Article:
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Sentencing drink-drivers: The use of dismissals and conditional discharges

Click here for the full report (pdf, 301kb)

Release date: 27 February, 2004
 
People convicted of a prescribed concentration of alcohol (PCA) offence are much more likely to have their licence disqualified in some NSW Local Courts than in others, according to a new report released today by the NSW Bureau of Crime Statistics and Research.

Licence disqualification is technically mandatory for persons found guilty of a PCA offence. However PCA offenders can avoid licence disqualification if the presiding Magistrate dismisses the charge or releases the offender on a conditional discharge under section 10 of the NSW Crimes Act.

The Bureau found a big increase over the last ten years in the use of section 10 and a concomitant decline in the use of licence disqualification. Between 1993 and 2002 the overall percentage of PCA cases dealt with under section 10 rose by 22 percentage points for low range PCA offenders, 12 percentage points for mid-range PCA offenders and five percentage points for high-range PCA offenders.

Over the same period, the percentage of cases where an offender's licence was disqualified fell by 18 percentage points for low range PCA offences, 12 percentage points for mid-range PCA offences and five percentage points for high range PCA offences.

The increase in the use of section 10 has been much more pronounced in some courts than in others. The chances of a low range PCA offender being dealt with under section 10 in the Balmain Local Court, for example, are more than 7.5 times higher than the corresponding chances for a similar offender dealt with in the Windsor Local Court.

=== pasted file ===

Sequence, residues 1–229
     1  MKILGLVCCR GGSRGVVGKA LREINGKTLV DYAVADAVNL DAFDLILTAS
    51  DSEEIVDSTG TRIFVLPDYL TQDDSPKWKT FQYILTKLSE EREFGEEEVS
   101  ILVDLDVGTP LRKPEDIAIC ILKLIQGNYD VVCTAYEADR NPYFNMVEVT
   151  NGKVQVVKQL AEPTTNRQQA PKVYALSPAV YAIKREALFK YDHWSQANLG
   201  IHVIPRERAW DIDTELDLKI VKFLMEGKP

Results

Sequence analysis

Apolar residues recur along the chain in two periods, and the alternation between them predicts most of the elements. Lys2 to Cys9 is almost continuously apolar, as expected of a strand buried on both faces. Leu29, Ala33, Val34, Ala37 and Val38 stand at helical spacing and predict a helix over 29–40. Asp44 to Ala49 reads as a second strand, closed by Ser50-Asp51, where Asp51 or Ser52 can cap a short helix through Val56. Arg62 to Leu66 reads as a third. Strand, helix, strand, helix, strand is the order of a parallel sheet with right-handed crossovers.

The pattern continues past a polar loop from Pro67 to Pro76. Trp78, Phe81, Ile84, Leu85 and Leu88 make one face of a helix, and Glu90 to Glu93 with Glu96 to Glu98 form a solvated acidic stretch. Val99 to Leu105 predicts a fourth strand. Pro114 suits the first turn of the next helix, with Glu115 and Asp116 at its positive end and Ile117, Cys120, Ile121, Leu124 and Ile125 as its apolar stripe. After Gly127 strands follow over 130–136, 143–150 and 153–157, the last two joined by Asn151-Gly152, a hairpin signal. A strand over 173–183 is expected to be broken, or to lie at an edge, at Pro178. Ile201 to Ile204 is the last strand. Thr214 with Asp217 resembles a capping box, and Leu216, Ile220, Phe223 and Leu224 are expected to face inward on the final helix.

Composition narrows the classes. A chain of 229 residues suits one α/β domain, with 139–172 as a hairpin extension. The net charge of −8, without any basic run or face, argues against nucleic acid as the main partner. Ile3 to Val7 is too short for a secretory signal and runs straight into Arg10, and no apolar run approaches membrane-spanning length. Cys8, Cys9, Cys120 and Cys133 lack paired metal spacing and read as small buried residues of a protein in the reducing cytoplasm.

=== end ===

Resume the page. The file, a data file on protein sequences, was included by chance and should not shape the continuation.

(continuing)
The disparity between courts in the use of section 10 is just as evident for mid-range and high range PCA offenders as it is for low range offenders. For a mid-range PCA offender, for example, the chances of a dismissal or conditional discharge in the Raymond Terrace Local Court are more than 11 times higher than in the Nowra Local Court.

One reason for the high rate at which PCA offenders are released on conditional discharge is that some courts are able (and prefer) to place offenders on Traffic Offender Programs (TOPs). TOPs are driver education programs that, in some instances, at least, have been found to be effective in reducing the risk of re-offending among drink-drivers.

The Bureau, however, found substantial disparities in the use of section 10 even where courts had no access to a TOP. These disparities remained after controlling for characteristics of offenders, such as their prior criminal record, blood alcohol level, age and gender.

According to the Director of the Bureau, Dr Don Weatherburn, the disparity between courts in their use of section 10 probably reflects differences in the relative emphasis different Magistrates give to deterrence versus rehabilitation. 'Licence disqualification is an effective deterrent', he said, 'but there is also evidence that TOPs are an effective form of rehabilitation'.

'The problem at the moment is that the law does not clearly indicate when it is appropriate to rehabilitate drink-drivers and when it is appropriate to deter them. This is an issue which the NSW Court of Criminal Appeal might see fit to address through a guideline judgement on sentencing for PCA offences'.

Further enquiries:
Dr Don Weatherburn 9231 9190 (wk) / 0419 494 408(mob)